• Plaintiff (apartment maintenance employee) suffered serious injury to her right eye when an unopened bottle of cleaning liquid accidentally fell on the floor and some of the liquid splashed into the plaintiff’s right eye. The plaintiff had to be rushed to a hospital for eye treatment. The defendant (manufacturer of the cleaning liquid) claimed all bottles of cleaning liquid are hermetically sealed and no liquid could splash out of a bottle without removing the seal. In the presence of the defendant’s attorney, I carefully unscrewed the cap of disputed bottle of cleaning liquid and removed some solid material attached to the top of the seal. Elemental analysis of the solid material showed the presence of elemental sodium and elemental potassium. Elemental sodium is contained in the liquid cleaning solution as sodium hydroxide, and elemental potassium is contained in the liquid cleaning solution as potassium hydroxide. The presence of these highly caustic cleaning chemicals on top of the unopened bottle was evidence that the disputed bottle was not properly sealed. Following my deposition, the case was settled in favor of the plaintiff.
• Plaintiff (a medical technician) suffered exacerbation of her existing asthma condition while working in a hospital. During the time of her employment, the roof of the hospital was undergoing repair. Caulking material was applied to seal roofing membranes to metal flashing. One of the constituents of the caulking material was toluene diisocyanate (TDI). The repair work was done adjacent to an air vent that sucked air into the hospital. I arranged with a lab to replicate the conditions that existed on the roof at the time of the incident. The lab results demonstrated that free TDI was sucked into the hospital from the roof. In collaboration with a toxicologist, we were able to provide evidence that the medical technician was exposed to free TDI that caused the exacerbation of her asthma. The case went to trial, and the verdict was in favor of the plaintiff.
Continuation in Other Relevant Experience section.
|Training / Seminars|
|He conducts on-site training seminars and presents webinars on UV/EB curable coatings. Topics include chemistry, application and curing equipment, analytical test methods, formulation strategies, markets, technology benefits and health & safe handling.|
|He has considerable experience in locating, selecting and evaluating vendors of raw materials used in the manufacture of coatings|
|He has created new business opportunities through personal presentations to corporate officers and technical staff at targeted companies.|
|Other Relevant Experience|
|He has excellent writing skills and is able to communicate complex chemical terminology into easy to understand language.
Expert Witness Work Continued: Expert for defendant
• Plaintiff (college student) claimed he drank a glass of beer at a college fraternity party and the beer caused his mouth to bleed. The plaintiff accused the company (defendant) that sup-plied and dispensed the beer at the party of improperly preparing the beer dispenser. I was able to recreate the procedure used at the party to prepare the beer dispenser and to chemically prove that the beer was not responsible for causing the plaintiff’s mouth to bleed. Following my deposition, the case was settled in favor of the defendant.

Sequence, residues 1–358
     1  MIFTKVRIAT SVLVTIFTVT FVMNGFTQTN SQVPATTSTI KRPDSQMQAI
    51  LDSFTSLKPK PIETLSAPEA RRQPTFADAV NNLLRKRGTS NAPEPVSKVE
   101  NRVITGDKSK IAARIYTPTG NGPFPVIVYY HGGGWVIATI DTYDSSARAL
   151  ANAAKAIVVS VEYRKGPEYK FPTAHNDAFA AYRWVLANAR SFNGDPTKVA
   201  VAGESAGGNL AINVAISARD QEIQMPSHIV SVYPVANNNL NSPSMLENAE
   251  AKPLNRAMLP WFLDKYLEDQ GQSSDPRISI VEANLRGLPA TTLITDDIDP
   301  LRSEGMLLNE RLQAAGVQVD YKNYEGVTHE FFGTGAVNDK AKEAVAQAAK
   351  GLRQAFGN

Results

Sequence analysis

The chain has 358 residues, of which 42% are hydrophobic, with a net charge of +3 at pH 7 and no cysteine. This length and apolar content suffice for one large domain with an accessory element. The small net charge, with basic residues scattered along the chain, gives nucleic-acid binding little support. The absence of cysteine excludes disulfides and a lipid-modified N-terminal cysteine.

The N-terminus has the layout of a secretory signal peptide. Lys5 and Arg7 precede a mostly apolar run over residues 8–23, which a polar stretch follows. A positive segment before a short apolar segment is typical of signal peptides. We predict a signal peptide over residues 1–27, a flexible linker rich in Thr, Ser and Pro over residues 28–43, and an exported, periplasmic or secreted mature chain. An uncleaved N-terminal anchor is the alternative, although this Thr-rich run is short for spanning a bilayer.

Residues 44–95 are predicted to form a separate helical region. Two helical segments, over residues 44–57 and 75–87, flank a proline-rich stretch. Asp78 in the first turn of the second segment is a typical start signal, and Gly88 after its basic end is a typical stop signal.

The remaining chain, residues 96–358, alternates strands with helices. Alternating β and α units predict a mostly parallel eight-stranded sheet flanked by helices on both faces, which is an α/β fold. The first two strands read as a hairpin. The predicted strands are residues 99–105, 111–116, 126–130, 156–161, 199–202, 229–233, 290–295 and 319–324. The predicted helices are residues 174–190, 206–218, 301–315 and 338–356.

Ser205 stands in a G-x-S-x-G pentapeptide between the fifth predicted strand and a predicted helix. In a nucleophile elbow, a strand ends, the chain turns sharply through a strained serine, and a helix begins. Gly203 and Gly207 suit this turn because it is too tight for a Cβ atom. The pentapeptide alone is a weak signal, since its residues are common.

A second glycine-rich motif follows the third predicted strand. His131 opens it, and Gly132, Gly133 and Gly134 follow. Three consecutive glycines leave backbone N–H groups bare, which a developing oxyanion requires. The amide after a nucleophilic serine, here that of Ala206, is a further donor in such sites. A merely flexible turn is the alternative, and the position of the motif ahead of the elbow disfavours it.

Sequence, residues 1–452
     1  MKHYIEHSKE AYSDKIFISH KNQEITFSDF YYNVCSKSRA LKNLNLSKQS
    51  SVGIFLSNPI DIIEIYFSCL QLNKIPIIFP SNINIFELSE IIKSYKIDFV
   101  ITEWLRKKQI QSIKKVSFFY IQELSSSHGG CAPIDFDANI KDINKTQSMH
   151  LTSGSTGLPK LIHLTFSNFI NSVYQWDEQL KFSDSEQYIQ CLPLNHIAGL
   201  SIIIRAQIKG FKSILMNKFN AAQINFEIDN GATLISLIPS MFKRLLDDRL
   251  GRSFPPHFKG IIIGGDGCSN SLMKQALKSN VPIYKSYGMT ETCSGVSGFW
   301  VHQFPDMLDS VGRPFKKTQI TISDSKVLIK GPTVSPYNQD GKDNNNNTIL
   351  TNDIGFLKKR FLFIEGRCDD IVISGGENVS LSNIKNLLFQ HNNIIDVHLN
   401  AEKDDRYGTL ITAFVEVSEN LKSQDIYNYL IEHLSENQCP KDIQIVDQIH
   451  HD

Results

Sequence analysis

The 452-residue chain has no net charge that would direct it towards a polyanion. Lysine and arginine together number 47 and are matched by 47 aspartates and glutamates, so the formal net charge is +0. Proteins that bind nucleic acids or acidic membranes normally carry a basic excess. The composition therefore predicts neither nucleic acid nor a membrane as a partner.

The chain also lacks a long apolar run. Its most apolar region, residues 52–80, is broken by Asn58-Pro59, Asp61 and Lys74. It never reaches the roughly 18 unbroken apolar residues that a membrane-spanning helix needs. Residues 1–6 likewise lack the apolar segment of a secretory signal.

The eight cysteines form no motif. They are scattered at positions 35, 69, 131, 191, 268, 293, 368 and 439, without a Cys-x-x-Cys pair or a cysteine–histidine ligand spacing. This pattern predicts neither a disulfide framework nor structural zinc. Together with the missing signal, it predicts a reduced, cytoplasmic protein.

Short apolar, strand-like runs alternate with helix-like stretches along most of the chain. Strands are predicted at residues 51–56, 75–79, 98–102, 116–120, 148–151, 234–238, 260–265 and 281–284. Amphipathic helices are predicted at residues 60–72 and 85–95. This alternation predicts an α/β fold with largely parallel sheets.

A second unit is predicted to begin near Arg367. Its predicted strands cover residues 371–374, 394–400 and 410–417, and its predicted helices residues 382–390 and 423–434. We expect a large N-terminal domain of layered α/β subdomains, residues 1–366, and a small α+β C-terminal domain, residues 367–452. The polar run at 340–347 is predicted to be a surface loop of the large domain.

• Plaintiff (owner of a remodeled building) claimed that the walls in a newly constructed gymnasium could not be painted. The plaintiff’s expert analyzed the surface of the drywall. Based on his analysis, the plaintiff’s expert claimed the drywall had a surface treatment that would cause any paint applied to the surface to “spontaneously” delaminate from the walls. At the expense of the defendant, I cut out sections of the drywall in question on a Friday to analytically determine the chemical composition of the surface. The plaintiff dropped the case the following Monday.
• Plaintiff was walking into a restaurant and she slipped on the restaurant’s asphalt parking lot. The parking lot had been resurfaced shortly before the accident. The plaintiff filed a lawsuit against the restaurant for having a slippery parking lot that she claimed caused the accident. The plaintiff’s expert chemically analyzed the sandal worn by the plaintiff at the time of the accident. The analysis showed the sandal was made from polyvinyl chloride (PVC). The analysis also showed the presence of a high concentration of diisooctyl phthalate. Diisooctyl phthalate is a known liquid used as a plasticizer to soften commercial products made from PVC. I was able to provide analytical data that showed the asphalt used to resurface the parking lot did not contain any liquid diisooctyl phthalate. The case was settled in favor of the defendant.
• Plaintiff complained that she suffered extreme hair loss as a result of her hair stylist’s improper application of a commercial adhesive used to attach artificial hair (wig) to her own hair. The adhesive is sometimes referred to as super glue (chemical name: ethyl cyanoacrylate). The plaintiff had been using the same hair stylist for 5 years. During this time, the hair stylist had been using the same adhesive to attach hair extensions directly to the plaintiff’s hair. The plaintiff never complained about any hair loss or skin irritation during these five years of service. I was able to provide convincing evidence that the hair stylist was using the same procedure to attach the wig to the plaintiff’s hair as previously used to attach hair extensions directly to the plaintiff’s hair. Therefore, the hair stylist did to cause any hair loss. Following my deposition, the case was settled in favor of the defendant.